By Wolfgang Keller

Originally written 2020-10-19

Last modified 2020-10-19

Let \(x\,\%\,n\) (\(x \in \mathbb{Z}\), \(n \in \mathbb{Z}_{\geq 1}\)) denote the remainder in \(\{0, \ldots, n\}\) of the division of \(x\) by \(n\).

We want to find a formula for the weekday of the 1st of January in a given year \(A\) (\(A\): *annus*; Latin for “year”).

On Determination of the day of the week - Wikipedia [visited 2020-10-19T20:13:02Z], one can find that Carl Friedrich Gauß described the following method for this:

Let the weekdays be numbers by \(0\): Sunday, …, \(6\): Saturday. Then the day of week of 1st of January of a given year \(A\), which we want to denote by \(d(A)\), is \begin{equation} d(A) = (1 + 5 \cdot ((A-1) \,\%\, 4) + 4 \cdot ((A-1) \,\%\, 100) + 6 \cdot ((A-1) \,\%\, 400) ) \,\%\, 7. \label{eq:1stofJan_1} \end{equation}

Where does \eqref{eq:1stofJan_1} come from?

Let us start with the (wrong) assumption that every year had 365 days. Then we would have \[d(A) = (C_1 + 365 \cdot A) \,\%\, 7 = (C_1 + A) \,\%\, 7 = (C'_1 + (A-1)) \,\%\, 7\] for suitable constants \(C_1, C'_1 \in \{0, \ldots, 6\}\).

Let us somewhat correct this assumption: every 4th year is a leap year (Julian calendar). Then we must add \(1\) to the inner sum for every leap year that occured before year \(A\). Thus, we obtain the following formula \[d(A) = \left(C_2 + (A-1) + \left\lfloor \frac{A-1}{4} \right\rfloor\right) \,\%\, 7\] for a suitable constant \(C_2 \in \{0, \ldots, 6\}\).

How can the inner sum of this formula be simplified? Consider that \[ \left\lfloor \frac{A-1}{4} \right\rfloor = \frac{A-1 - ((A-1) \,\%\, 4)}{4}. \] Since \(4 \nmid (A-1 - ((A-1) \,\%\, 4))\), and \(4\) is a unit in the ring \(\mathbb{Z}_7\) (with multiplicative inverse \(2\)), we obtain \begin{align*} \left\lfloor \frac{A-1}{4} \right\rfloor \,\%\, 7 & = (2 \cdot (A-1 - ((A-1) \,\%\, 4)))\,\%\, 7 \\ & = (2 \cdot (A-1) + 2 \cdot 6 \cdot ((A-1) \,\%\, 4)) \,\%\, 7 \\ & = (2 \cdot (A-1) + 5 \cdot ((A-1) \,\%\, 4)) \,\%\, 7. \end{align*} Thus, \begin{equation} d(A) = (C_2 + 3 \cdot (A-1) + 5 \cdot ((A-1) \,\%\, 4)) \,\%\, 7.\label{eq:1stofJan_2} \end{equation} Indeed, this formula (with \(C_2 = 6\)) is also written down in the section of the above-linked Wikipedia article.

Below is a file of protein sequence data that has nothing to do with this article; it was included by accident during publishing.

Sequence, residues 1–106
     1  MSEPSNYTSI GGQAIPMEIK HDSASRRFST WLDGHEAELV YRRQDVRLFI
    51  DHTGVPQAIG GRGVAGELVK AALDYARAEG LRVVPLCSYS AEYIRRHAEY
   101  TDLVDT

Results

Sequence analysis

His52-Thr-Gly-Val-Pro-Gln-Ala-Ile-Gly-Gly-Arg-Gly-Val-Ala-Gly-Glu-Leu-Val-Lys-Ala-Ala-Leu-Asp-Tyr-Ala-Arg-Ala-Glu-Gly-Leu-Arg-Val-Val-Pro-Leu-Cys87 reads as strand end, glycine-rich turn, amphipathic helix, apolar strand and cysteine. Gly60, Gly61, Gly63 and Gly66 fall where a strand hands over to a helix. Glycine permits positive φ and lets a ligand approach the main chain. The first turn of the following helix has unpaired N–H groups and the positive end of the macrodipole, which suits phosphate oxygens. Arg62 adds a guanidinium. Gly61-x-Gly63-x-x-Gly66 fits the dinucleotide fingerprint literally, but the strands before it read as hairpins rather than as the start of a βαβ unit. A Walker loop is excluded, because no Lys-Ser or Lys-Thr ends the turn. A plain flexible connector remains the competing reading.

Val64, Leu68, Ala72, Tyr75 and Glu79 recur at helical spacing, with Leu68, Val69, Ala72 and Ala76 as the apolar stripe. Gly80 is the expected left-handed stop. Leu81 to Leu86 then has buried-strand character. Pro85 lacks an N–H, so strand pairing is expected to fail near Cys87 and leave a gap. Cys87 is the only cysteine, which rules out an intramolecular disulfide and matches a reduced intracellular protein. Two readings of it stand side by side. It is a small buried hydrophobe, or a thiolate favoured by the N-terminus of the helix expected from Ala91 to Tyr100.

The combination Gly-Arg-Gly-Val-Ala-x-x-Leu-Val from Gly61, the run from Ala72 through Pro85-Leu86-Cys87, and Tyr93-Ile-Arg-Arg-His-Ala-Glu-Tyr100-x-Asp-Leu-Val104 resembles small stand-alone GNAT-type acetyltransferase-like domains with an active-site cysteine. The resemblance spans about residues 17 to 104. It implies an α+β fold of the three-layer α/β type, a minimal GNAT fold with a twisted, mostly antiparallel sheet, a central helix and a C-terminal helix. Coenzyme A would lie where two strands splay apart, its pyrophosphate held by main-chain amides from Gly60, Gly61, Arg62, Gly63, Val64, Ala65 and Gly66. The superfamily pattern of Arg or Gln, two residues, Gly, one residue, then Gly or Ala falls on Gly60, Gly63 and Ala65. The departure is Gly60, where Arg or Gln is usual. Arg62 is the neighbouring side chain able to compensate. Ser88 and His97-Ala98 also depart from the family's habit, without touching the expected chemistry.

Now, we have prepared everything to derive \eqref{eq:1stofJan_1}.

Consider that in the Gregorian calender, a year \(A\) is not a leap year if \(A \,\%\, 100 = 0\), except if \(A \,\%\, 400 = 0\). This implies the following modification of \eqref{eq:1stofJan_2}: \begin{equation} d(A) = \left(C_3 + 3 \cdot (A-1) + 5 \cdot ((A-1) \,\%\, 4) - \left\lfloor \frac{A-1}{100} \right\rfloor + \left\lfloor \frac{A-1}{400} \right\rfloor\right) \,\%\, 7. \label{eq:1stofJan_3} \end{equation} for some constant \(C_3 \in \{0, \ldots, 6\}\).

With the same argument that we saw in section , we obtain: \begin{align*} \left\lfloor \frac{A-1}{100} \right\rfloor \,\%\, 7 & = (4 \cdot (A-1 - ((A-1) \,\%\, 100)))\,\%\, 7 \\ & = (4 \cdot (A-1) + 4 \cdot 6 \cdot ((A-1) \,\%\, 100)) \,\%\, 7 \\ & = (4 \cdot (A-1) + 3 \cdot ((A-1) \,\%\, 100)) \,\%\, 7, \end{align*} and \begin{align*} \left\lfloor \frac{A-1}{400} \right\rfloor \,\%\, 7 & = (1 \cdot (A-1 - ((A-1) \,\%\, 400)))\,\%\, 7 \\ & = ((A-1) + 6 \cdot ((A-1) \,\%\, 400)) \,\%\, 7. \end{align*} Using this, \eqref{eq:1stofJan_3} simplifies to \begin{align*} d(A) & = (C_3 + 3 \cdot (A-1) + 5 \cdot ((A-1) \,\%\, 4) - (4 \cdot (A-1) + 3 \cdot ((A-1) \,\%\, 100)) + ((A-1) + 6 \cdot ((A-1) \,\%\, 400))) \,\%\, 7 \\ & = (C_3 + 5 \cdot ((A-1) \,\%\, 4) + 4 \cdot ((A-1) \,\%\, 100)) + 6 \cdot ((A-1) \,\%\, 400)) \,\%\, 7. \end{align*}

The only component missing is the correct value for the constant \(C_3\). The probably simplest way to obtain it is to insert some year \(A\) into the derived formula. This way, one obtains, using the day numbering from section , that \[C_3 = 1.\] Thus, we obtain the final formula \eqref{eq:1stofJan_1}: \[d(A) = (1 + 5 \cdot ((A-1) \,\%\, 4) + 4 \cdot ((A-1) \,\%\, 100)) + 6 \cdot ((A-1) \,\%\, 400)) \,\%\, 7.\]